This is a re-post of the article I wrote for the Lullabot blog.
As part of the API-First Drupal initiative, and the Contenta CMS community effort, we have come up with a solution for using Drupal image styles in a decoupled setup. Here is an overview of the problems we sought to solve:
- Image styles are tied to the designs of the consumer, therefore belonging to the front-end. However, there are technical limitations in the front-end that make it impossible to handle them there.
- Our HTTP API serves an unknown number of consumers, but we don't want to expose all image styles to all consumers for all images. Therefore, consumers need to declare their needs when making API requests.
- The Consumers and Consumer Image Styles modules can solve these issues, but it requires some configuration from the consumer development team.
Image Styles Are Great
Drupal developers are used to the concept of image styles (aka image derivatives, image cache, resized images, etc.). We use them all the time because they are a way to optimize performance on our Drupal-rendered web pages. At the theme layer, the render system will detect the configuration on the image size and will crop it appropriately if the design requires it. We can do this because the back-end is informed of how the image is presented.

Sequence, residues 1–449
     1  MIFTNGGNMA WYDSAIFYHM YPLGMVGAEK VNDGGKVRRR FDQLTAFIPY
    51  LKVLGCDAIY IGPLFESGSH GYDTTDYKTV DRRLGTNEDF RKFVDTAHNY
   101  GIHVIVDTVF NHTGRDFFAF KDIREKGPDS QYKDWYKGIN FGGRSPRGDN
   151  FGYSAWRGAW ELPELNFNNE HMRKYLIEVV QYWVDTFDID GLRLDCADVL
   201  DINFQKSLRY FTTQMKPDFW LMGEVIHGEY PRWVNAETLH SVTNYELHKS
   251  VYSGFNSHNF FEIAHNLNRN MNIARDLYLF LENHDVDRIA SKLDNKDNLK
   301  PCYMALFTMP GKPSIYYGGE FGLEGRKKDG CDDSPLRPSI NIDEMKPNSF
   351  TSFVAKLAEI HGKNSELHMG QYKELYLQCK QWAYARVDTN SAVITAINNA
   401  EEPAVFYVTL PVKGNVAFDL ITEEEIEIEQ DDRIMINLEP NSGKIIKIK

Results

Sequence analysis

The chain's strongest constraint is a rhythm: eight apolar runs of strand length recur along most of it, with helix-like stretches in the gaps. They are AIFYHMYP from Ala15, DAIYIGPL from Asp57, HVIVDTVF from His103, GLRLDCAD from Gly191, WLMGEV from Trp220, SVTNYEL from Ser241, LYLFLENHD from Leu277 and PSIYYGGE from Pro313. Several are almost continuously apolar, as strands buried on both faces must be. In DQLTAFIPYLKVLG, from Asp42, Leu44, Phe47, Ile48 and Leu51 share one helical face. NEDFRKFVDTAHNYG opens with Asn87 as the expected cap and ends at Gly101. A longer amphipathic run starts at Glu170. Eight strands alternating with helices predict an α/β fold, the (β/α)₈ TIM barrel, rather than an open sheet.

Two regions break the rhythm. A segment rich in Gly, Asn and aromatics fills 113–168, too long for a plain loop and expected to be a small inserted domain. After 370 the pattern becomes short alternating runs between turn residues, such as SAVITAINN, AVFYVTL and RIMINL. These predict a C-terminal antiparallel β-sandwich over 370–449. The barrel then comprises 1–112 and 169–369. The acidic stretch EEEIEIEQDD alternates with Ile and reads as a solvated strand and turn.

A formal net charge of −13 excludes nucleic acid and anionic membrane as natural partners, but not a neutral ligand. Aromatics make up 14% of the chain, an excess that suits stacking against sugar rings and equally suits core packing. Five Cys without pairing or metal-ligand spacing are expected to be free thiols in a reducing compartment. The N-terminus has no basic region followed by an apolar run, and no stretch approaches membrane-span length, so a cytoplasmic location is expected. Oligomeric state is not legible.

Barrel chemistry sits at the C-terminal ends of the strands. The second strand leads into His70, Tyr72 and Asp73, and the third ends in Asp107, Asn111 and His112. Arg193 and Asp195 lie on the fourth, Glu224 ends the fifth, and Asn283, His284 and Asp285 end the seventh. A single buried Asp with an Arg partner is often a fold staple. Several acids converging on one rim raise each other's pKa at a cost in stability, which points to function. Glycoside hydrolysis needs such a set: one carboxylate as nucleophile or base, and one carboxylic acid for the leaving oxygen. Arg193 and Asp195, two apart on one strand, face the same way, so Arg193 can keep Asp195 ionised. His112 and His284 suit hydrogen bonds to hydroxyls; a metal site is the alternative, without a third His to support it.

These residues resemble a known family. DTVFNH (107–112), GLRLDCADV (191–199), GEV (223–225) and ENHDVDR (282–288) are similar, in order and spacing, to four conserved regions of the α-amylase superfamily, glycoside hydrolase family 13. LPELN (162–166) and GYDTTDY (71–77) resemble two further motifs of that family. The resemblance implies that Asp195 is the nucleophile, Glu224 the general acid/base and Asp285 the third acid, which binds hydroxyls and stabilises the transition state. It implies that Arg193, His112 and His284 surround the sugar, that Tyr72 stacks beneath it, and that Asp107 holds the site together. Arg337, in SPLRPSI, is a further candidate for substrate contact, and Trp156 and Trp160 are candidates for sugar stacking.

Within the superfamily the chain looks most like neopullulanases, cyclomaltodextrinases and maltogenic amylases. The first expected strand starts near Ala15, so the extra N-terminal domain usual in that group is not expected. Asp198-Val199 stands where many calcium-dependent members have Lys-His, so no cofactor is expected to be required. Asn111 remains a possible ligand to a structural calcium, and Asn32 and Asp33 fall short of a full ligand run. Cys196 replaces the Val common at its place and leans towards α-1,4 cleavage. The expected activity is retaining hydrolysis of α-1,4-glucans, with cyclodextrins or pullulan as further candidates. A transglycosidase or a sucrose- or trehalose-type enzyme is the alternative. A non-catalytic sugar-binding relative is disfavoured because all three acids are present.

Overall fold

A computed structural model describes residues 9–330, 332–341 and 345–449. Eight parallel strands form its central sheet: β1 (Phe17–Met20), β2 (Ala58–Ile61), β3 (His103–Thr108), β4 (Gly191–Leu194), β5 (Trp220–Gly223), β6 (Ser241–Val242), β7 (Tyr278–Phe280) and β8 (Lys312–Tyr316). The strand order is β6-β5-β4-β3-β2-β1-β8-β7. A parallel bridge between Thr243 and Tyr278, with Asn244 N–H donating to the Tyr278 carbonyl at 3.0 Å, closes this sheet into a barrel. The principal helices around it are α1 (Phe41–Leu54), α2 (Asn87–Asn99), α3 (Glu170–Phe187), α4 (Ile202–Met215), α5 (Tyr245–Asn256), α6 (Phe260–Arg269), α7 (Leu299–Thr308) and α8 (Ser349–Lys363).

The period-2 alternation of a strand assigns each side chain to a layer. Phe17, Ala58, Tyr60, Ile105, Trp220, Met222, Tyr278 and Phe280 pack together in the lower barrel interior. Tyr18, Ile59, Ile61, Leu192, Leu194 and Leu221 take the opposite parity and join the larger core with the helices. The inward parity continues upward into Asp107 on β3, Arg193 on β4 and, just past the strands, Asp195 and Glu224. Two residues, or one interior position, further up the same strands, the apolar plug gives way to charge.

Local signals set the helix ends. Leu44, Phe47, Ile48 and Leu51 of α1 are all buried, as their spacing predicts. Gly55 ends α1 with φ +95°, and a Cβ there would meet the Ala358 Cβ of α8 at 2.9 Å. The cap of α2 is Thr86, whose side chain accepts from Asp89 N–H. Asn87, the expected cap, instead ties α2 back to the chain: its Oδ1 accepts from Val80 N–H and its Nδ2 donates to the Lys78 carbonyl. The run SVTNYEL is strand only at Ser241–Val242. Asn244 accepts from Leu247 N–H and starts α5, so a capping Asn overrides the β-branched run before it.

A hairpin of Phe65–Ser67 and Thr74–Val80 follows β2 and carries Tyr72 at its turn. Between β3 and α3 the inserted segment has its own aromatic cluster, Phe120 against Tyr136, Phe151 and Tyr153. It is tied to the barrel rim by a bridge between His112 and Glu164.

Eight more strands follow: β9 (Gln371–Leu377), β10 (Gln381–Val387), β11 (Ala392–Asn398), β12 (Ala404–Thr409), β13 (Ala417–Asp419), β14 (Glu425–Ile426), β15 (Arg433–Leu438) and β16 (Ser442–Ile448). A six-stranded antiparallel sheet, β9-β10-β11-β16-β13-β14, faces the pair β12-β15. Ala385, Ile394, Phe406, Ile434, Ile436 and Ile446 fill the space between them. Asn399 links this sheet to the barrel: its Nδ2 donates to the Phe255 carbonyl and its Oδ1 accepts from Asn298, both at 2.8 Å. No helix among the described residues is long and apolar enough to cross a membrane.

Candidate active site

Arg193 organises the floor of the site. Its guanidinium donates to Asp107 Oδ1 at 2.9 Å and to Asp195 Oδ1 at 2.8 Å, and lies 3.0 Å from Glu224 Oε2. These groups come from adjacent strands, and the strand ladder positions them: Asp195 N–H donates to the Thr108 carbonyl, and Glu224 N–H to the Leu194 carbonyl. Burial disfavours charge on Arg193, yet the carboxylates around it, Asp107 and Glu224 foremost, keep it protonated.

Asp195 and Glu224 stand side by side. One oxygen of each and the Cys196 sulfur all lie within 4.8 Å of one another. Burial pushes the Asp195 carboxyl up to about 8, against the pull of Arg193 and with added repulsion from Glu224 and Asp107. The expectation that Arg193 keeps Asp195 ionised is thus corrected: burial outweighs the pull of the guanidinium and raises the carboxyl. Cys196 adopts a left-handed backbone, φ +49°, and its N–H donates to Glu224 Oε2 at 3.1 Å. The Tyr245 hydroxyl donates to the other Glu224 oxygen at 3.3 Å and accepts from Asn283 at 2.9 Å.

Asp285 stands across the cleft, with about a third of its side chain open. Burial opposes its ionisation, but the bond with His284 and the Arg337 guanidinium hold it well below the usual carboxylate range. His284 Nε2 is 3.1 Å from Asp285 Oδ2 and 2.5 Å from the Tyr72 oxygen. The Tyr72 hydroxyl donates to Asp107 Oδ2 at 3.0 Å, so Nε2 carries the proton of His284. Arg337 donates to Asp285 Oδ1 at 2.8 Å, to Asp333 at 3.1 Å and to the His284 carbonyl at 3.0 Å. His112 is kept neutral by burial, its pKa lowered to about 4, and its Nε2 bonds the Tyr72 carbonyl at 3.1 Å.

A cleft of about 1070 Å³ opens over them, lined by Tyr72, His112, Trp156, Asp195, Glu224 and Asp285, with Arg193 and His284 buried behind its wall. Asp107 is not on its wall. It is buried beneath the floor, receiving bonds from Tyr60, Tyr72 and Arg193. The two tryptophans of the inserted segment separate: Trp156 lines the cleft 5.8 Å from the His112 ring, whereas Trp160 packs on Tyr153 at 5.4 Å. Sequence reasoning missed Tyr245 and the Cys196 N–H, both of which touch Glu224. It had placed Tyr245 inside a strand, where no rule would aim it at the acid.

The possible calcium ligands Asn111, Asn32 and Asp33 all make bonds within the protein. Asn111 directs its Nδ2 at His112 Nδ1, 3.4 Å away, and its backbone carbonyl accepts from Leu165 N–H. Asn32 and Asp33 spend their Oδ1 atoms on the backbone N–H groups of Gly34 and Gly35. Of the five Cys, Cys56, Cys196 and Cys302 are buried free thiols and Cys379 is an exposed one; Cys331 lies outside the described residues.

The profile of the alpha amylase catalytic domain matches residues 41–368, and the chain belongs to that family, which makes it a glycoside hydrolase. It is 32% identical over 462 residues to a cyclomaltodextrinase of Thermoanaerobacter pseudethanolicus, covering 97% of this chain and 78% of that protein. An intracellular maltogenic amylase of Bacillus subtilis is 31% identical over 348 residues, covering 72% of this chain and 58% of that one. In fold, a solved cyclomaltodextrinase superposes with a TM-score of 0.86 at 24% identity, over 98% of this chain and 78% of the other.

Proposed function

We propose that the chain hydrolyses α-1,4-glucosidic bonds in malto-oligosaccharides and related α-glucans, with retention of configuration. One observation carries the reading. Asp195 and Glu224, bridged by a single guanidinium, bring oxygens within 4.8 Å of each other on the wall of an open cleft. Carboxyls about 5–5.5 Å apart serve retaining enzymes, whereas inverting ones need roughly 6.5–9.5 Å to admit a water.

In addition to this, Drupal adds a token to the image style URLs. With that token, the Drupal server is saying I know your design needs this image style, so I approve the use of it. This is needed to avoid a malicious user to fill up our disk by manually requesting all the combinations of images and image styles. With this protection, only the combinations that are in our designs will be possible because Drupal is giving a seal of approval. This is transparent to us so our server is protected without even realizing this was a risk.
The monolithic architecture allows us to have the back-end informed about the design. We can take advantage of that situation to provide advanced features.
In a decoupled application your back-end service and your front-end consumer are separated. Your back-end serves your content, and your front-end consumer displays and modifies it. Back-end and front-end live in different stacks and are independent of each other. In fact, you may be running a back-end that exposes a public API without knowing which consumers are using that content or how they are using it.
In this situation, we can see how our back-end doesn’t know anything about the front-end(s) design(s). Therefore we cannot take advantage of the situation like we could in the monolithic solution.